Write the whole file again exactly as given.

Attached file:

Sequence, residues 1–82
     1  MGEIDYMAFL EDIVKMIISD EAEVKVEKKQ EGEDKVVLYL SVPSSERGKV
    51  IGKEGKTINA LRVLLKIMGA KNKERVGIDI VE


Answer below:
Sequence, residues 1–82
     1  MGEIDYMAFL EDIVKMIISD EAEVKVEKKQ EGEDKVVLYL SVPSSERGKV
    51  IGKEGKTINA LRVLLKIMGA KNKERVGIDI VE